Support groups can vary in size; some people may want to talk while some might just want to listen. Although everyone will have different experiences, many of the feelings and thoughts are the same. The groups are a safe place where you can find a bit of peace, talk with others, get things off your chest, make friends, and often have the opportunity to get involved in new activities and events.

“Coming to the group is great as you are talking to people in the same situation. I can empathise with these people. Getting things out of my system rather than bottling it up.”

Family Member


If you are not ready to go along to a group or would rather speak with someone on your own, one-to-one sessions are available for most services. Sometimes being able to talk to someone you don’t know helps. Usually, your one-to-one will be with a professional who will be there to listen, offer some advice and suggest different ways of dealing with the situation. They are there to listen and sometimes that’s all you need to make yourself feel a bit better.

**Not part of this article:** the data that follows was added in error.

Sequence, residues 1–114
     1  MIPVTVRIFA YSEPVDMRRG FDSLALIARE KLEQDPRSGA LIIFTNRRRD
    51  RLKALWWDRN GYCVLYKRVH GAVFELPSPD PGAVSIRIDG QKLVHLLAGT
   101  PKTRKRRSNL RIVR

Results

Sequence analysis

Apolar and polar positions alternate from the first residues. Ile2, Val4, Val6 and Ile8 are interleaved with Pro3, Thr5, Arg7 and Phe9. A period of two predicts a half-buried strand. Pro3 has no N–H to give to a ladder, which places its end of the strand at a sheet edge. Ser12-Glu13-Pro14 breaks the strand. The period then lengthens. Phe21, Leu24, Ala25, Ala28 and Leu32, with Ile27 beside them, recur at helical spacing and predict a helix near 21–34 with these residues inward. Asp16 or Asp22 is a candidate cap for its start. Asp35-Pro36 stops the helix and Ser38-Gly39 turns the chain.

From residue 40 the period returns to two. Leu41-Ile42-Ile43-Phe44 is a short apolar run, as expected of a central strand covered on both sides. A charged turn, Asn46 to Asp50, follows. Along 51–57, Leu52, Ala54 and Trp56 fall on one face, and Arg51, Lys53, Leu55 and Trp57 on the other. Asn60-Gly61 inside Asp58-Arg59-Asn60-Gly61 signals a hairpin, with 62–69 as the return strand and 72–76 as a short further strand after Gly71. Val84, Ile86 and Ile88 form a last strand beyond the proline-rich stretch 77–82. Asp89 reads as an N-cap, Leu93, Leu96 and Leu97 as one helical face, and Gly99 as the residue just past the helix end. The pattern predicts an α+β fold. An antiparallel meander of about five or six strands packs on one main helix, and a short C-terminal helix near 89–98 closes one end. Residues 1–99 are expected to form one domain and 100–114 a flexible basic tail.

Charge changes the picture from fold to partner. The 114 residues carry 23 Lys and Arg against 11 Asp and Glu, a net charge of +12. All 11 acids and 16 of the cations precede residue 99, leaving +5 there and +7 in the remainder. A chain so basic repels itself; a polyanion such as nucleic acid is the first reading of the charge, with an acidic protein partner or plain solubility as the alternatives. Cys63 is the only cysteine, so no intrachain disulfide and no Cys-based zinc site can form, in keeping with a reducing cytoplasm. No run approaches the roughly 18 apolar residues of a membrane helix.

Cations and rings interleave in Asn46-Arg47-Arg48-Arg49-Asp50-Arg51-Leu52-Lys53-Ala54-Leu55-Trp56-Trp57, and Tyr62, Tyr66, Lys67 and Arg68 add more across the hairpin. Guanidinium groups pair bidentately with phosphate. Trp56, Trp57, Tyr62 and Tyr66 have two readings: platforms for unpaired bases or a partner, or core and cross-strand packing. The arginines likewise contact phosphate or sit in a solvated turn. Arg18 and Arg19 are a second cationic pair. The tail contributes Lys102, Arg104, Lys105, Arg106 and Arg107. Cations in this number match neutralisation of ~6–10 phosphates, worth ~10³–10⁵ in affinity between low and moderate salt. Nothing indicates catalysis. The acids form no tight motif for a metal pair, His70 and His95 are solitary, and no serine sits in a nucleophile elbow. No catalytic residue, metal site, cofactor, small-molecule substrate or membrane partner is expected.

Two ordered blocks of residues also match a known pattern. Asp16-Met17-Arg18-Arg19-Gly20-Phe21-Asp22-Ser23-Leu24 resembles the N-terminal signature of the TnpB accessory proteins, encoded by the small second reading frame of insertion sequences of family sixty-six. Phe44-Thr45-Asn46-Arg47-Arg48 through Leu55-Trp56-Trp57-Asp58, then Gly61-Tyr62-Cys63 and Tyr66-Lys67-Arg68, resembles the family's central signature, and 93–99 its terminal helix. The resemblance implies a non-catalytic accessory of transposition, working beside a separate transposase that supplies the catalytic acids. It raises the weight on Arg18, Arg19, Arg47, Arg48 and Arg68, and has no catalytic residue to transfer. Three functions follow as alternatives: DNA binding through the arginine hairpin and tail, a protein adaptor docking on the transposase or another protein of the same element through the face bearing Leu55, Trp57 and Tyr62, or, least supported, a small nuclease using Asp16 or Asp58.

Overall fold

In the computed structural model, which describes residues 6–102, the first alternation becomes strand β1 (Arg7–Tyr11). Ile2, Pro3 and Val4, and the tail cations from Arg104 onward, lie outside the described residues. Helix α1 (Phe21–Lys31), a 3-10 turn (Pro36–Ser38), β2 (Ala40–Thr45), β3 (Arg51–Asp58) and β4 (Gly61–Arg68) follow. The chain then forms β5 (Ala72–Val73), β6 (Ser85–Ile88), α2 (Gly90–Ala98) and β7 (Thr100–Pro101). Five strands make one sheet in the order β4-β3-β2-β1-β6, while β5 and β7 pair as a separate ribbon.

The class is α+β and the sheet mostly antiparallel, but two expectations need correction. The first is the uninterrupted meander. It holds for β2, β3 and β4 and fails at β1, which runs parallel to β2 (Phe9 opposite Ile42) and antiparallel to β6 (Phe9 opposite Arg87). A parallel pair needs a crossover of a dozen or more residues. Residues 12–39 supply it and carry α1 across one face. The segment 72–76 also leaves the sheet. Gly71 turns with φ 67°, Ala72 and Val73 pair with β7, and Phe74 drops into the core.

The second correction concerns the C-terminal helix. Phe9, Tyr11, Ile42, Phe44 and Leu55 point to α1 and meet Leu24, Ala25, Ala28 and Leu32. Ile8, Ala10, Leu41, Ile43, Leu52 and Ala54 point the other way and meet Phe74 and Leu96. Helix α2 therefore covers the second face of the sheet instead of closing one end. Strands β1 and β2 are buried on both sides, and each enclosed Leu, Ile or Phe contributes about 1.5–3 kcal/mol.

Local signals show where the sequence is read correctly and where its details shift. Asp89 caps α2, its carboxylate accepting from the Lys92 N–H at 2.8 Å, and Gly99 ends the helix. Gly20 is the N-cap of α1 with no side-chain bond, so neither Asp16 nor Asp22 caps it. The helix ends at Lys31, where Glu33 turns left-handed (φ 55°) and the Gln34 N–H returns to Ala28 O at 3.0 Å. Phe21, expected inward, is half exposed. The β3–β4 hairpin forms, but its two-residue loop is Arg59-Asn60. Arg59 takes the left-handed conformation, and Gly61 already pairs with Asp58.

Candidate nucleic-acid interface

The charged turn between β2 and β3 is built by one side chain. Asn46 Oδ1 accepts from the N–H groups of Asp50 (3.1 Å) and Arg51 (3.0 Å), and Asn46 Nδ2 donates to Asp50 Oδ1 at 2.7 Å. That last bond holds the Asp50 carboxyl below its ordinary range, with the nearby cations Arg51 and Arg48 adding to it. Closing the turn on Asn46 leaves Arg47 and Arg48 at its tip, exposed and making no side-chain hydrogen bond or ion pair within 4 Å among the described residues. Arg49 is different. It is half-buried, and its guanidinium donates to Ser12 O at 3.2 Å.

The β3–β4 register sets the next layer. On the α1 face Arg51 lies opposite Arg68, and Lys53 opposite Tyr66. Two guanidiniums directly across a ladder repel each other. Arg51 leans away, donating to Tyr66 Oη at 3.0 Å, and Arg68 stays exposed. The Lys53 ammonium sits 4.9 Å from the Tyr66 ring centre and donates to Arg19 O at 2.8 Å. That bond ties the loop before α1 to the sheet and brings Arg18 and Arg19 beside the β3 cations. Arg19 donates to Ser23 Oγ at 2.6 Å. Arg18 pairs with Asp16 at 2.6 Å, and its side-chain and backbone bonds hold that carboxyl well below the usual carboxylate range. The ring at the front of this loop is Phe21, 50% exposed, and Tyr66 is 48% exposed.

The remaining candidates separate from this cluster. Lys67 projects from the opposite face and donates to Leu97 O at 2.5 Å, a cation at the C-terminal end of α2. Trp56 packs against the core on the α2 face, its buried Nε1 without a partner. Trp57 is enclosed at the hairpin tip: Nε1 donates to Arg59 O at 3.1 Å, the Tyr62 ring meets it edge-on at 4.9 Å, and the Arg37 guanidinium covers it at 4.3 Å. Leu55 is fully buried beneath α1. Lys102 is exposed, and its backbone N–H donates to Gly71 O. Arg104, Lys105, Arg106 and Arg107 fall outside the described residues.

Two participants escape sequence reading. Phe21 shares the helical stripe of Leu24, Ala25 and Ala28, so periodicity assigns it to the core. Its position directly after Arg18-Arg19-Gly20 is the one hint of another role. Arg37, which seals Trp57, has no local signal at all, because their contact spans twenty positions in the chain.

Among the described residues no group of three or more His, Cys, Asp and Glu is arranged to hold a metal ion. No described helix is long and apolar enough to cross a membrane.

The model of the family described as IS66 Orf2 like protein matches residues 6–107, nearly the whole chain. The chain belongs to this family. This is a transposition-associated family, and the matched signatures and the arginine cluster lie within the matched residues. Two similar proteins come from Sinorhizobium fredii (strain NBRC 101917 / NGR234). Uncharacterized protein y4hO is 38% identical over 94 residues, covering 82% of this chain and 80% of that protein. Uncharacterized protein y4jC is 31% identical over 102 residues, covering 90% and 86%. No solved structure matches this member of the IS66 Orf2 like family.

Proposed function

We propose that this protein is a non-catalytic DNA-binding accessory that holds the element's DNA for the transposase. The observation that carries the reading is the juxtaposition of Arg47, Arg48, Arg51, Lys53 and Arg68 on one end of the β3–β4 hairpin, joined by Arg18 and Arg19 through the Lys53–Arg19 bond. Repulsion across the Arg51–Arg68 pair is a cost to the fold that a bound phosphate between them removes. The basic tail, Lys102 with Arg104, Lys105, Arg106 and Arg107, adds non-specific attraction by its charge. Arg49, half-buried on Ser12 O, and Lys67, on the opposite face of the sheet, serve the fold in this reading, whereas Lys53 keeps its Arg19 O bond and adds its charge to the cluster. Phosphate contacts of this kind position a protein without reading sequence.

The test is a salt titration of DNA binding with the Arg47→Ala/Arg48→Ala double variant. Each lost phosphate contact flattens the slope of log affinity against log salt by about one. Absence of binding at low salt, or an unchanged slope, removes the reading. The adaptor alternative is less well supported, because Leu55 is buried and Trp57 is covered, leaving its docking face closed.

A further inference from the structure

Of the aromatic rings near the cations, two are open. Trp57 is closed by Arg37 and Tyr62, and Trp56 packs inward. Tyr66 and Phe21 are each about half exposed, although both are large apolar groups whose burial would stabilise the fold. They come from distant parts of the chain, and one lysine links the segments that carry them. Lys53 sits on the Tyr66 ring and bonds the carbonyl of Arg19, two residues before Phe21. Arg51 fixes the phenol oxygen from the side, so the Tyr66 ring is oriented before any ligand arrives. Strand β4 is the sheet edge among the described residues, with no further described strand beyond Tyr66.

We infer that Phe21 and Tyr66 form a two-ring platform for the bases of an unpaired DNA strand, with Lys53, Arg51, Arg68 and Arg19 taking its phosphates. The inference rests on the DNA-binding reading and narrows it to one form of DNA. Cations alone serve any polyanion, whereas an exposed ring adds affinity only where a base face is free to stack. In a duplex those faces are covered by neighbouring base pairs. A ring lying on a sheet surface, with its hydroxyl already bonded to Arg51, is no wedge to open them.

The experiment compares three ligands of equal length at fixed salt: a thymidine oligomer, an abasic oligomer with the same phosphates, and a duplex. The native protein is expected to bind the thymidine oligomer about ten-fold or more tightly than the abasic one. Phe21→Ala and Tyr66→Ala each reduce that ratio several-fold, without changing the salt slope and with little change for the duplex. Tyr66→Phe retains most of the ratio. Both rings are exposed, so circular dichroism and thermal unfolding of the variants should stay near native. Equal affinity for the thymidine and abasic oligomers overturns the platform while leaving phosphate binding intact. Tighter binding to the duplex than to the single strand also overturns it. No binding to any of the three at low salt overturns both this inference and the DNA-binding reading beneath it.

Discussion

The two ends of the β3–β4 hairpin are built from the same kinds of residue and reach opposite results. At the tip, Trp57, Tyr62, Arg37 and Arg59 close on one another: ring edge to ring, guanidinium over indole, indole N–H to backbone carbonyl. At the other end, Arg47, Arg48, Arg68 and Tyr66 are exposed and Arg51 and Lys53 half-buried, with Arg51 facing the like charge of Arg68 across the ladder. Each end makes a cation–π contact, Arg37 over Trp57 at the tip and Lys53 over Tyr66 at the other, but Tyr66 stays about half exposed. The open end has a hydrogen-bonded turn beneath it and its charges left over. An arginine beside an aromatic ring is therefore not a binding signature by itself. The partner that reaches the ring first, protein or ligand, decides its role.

Stigma surrounds us every day. The stigma that comes with alcohol and drug use though is huge – we hear from newspapers, TV shows, films, etc. that people who misuse alcohol or drugs are looked down on, judged, and labelled. Stigma can make people embarrassed, isolated, and too afraid to get help and too afraid to tell people about what’s going on.

Stigma is tough on families but it can also stop or get in the way of people recovering from alcohol or drug use as they are too afraid to get help or let anyone know.

We all can join the movement to change stigma. Even so much as changing the language you use when talking about someone who has an alcohol or drug problem, or correcting someone who uses a stigmatising word such as ‘junkie’. Sometimes people are unaware of how easy it is to bring someone down and stop them from seeking help.

Using your voice by sharing your stories, or by commenting on a news article or blog someone has written, can start a movement for change.